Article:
Despite that performance, within J&J culture the CEO isn't treated like a superstar. Weldon says the company is so decentralized that he has to act more as a facilitator than as a boss. "God forbid that I should dictate to somebody who knows the business better than I do," he says. "My voice counts the same as everybody else's--everybody knows that." This is true as far as it goes, but sometimes a boss's whisper is even scarier than a tantrum. Says David Holveck, chairman of Centocor, which J&J acquired in 1999 when Weldon was head of J&J's pharmaceuticals division: "The first year out of the blocks we were a little shaky and didn't deliver the numbers. Bill listened to our explanation--there's always an explanation--and then said, 'You guys had a good year but not what you wanted. It is not what I wanted either. Let's think about it.'" Holveck got the message, and Centocor made its numbers the following year.

Today's J&J still runs more like an old-fashioned conglomerate than a matrixed 21st-century organization. Weldon presides over a vast decentralized empire and shares his responsibilities with an 11-member executive committee and a strong No. 2, vice chairman and president James Lenehan, who also took office in April. The corporate office negotiates financial targets with the heads of the separate business units and lets them figure out the best way to meet them. J&J executives concede that there is frequently friction with headquarters but say it is a reasonable price to pay for the entrepreneurism the system encourages.

The game is getting tougher--and certainly nastier. Take J&J's feud with Amgen over an anti-anemia drug called Procrit in the U.S. and Eprex overseas. Amgen developed the drug and licensed it to J&J, and it has become the biggest seller in J&J's medicine chest, expected to generate sales of $3.4 billion this year. Since 1995, however, Amgen has been complaining that J&J violated the license agreement by selling the drug into the dialysis market that Amgen had reserved for itself. The case is before an arbitrator.

Meanwhile, Amgen has gone into competition with J&J by launching a second generation of the drug, called Aranesp. J&J is fighting back ferociously. At a recent meeting with securities analysts, Christine Poon, chair of J&J's pharmaceuticals group, attacked Aranesp for being less effective than Procrit, having a slower response time, and costing more: $13,646 for a course of treatment vs. $9,355 for Procrit. If Amgen raises the dosage of Aranesp to produce better results, she added, "the cost to the health-care system will be exorbitant." Poon's attack infuriated Amgen. When contacted by FORTUNE, George Morrow, Amgen's executive director for worldwide sales and marking, replied, "This is sad. In head-to-head comparisons the two products are very comparable in efficacy and price. Misrepresenting scientific data is unconscionable, and the blatant cherry-picking of data by J&J is wrong. Our focus is on satisfying patients, not slinging mud." J&J defends its data as responsible.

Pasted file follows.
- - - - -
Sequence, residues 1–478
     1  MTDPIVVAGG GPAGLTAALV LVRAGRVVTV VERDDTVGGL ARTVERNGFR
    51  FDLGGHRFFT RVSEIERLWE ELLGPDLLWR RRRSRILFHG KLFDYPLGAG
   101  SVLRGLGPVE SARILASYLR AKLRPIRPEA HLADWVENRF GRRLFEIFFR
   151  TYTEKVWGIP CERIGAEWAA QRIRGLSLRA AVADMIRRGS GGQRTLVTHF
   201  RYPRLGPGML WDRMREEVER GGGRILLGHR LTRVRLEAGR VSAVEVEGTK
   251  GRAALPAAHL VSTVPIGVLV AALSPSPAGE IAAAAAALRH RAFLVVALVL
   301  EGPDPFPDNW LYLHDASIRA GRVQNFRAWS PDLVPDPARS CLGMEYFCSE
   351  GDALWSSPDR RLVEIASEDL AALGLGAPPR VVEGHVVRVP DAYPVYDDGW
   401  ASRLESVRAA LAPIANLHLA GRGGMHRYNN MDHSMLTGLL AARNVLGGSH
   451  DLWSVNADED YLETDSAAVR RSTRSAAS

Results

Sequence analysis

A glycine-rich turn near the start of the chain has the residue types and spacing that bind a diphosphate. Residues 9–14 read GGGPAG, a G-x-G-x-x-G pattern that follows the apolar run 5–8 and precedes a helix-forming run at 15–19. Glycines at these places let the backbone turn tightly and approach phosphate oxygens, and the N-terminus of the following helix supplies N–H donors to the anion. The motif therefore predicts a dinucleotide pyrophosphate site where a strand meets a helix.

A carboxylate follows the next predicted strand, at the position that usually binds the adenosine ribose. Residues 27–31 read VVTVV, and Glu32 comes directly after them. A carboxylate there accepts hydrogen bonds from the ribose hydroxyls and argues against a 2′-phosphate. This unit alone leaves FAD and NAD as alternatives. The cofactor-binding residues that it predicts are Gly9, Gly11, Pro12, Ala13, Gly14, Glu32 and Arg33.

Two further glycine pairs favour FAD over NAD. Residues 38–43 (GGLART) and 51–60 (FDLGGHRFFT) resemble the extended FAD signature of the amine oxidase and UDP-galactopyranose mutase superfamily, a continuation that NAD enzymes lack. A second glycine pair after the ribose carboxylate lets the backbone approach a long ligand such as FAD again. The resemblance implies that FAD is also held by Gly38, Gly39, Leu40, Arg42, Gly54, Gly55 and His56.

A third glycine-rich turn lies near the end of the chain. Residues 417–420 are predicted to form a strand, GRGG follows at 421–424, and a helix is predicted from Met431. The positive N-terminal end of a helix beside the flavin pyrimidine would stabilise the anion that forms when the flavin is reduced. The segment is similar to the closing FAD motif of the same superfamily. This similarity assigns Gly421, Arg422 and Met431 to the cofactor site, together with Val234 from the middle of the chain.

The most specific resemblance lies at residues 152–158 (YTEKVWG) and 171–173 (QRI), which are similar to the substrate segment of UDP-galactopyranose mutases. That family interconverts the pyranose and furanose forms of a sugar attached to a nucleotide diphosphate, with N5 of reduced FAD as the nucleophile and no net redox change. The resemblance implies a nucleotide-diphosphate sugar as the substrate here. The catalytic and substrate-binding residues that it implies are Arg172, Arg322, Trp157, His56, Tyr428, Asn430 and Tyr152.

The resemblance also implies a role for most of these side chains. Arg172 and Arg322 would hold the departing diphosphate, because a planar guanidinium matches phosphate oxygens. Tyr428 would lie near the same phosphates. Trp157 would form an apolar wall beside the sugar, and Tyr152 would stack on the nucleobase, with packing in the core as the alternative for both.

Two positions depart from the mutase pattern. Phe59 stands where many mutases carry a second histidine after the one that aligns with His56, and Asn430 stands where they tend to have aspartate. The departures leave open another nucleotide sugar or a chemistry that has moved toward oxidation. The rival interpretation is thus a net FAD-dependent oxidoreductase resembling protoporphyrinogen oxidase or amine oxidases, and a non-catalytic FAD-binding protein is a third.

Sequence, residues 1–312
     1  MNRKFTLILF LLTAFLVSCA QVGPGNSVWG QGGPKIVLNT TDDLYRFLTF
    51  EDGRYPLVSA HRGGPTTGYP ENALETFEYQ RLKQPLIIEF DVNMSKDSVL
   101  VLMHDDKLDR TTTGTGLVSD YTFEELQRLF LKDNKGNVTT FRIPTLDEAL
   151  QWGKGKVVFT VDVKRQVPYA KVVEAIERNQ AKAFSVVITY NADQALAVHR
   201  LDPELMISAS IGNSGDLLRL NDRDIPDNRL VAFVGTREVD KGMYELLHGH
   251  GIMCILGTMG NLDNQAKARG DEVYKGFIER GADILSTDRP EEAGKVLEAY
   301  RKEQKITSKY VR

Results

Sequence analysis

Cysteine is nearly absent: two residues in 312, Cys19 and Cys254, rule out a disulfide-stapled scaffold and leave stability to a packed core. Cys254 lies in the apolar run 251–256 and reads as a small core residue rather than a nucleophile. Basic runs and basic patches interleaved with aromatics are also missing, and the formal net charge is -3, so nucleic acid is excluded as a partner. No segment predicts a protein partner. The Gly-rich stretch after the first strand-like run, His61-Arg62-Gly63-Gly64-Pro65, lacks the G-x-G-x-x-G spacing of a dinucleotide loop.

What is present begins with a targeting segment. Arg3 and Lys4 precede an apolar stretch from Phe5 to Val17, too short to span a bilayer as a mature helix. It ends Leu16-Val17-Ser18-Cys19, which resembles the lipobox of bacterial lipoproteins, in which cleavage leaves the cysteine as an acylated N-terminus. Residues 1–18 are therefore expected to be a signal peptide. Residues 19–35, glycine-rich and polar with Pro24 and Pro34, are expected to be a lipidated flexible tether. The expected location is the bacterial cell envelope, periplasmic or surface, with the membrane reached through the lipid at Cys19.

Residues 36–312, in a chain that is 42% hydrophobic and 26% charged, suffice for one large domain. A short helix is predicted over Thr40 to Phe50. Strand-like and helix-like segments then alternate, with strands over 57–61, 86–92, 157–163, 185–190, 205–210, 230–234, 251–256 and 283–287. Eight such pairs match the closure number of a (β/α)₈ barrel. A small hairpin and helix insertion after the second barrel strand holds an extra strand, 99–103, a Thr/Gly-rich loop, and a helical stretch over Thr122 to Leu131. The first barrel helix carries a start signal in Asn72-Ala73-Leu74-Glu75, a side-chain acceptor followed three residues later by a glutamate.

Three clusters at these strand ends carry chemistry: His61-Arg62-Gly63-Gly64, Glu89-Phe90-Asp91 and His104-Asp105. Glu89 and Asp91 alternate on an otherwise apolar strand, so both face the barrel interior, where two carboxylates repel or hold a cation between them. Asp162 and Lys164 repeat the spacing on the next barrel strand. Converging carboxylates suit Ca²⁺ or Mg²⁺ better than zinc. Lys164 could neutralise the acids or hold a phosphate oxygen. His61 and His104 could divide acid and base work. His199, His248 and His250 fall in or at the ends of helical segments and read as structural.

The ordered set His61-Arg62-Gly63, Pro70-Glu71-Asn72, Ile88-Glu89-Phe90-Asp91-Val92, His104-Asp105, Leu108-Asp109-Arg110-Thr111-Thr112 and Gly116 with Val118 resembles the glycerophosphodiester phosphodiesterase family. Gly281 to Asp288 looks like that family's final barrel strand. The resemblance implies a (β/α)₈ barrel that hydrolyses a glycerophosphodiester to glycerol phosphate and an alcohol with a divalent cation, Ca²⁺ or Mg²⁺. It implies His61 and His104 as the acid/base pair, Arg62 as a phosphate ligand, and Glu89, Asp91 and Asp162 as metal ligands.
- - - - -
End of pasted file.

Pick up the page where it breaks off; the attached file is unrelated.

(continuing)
As for any drug company CEO, Weldon's most pressing concern is to keep the new blockbusters coming as patents on existing drugs run out. J&J is in good shape compared with its competitors: Patents on J&J's biggest revenue producers don't begin expiring until 2005, and some stay in force until 2015.

J&J has been ramping up R&D spending in recent years to boost its labs' output; this year spending should go up fully 11%, to more than $4 billion. Weldon suggested naming research boss Dr. Per Peterson to the executive committee to raise the profile of R&D. Peterson told investors in April that with 41 drug candidates in preclinical trials, J&J has "never had a stronger early-stage pipeline." Analysts agree. "The pipeline has improved in the past couple of years, both internally and via acquisition," says Jan Wald of A.G. Edwards.

Perhaps its most exciting compound in the labs is ET-743, a substance produced by the sea squirt, a tiny marine animal that looks like a rubbery blob. Working with partners in the U.S. and Japan, J&J researchers have determined that ET-743 has a unique mechanism that slows the growth of some cancer tumors that aren't responsive to conventional anticancer agents. Early indications are that ET-743 can halt the spread of these cancers after six months and double the survival rate of patients. J&J thinks the sea squirt can serve as the basis for a whole family of cancer-fighting drugs, and has begun testing ET-743 for treatment of ovarian and breast cancer.

Still, early-stage compounds require years of high-cost clinical trials, and most fail. So J&J is pressing to find lucrative new uses for its existing drugs. Pharmaceuticals companies all do this, but as a major manufacturer of medical devices, J&J may have a crucial edge: the use of new delivery methods to create applications. It is developing a unique electronic skin patch that forces drugs through the skin with a weak electrical current. Patients taking painkillers will be able to dose themselves by pushing a button, while a programmable feature in the unit prevents overdoses.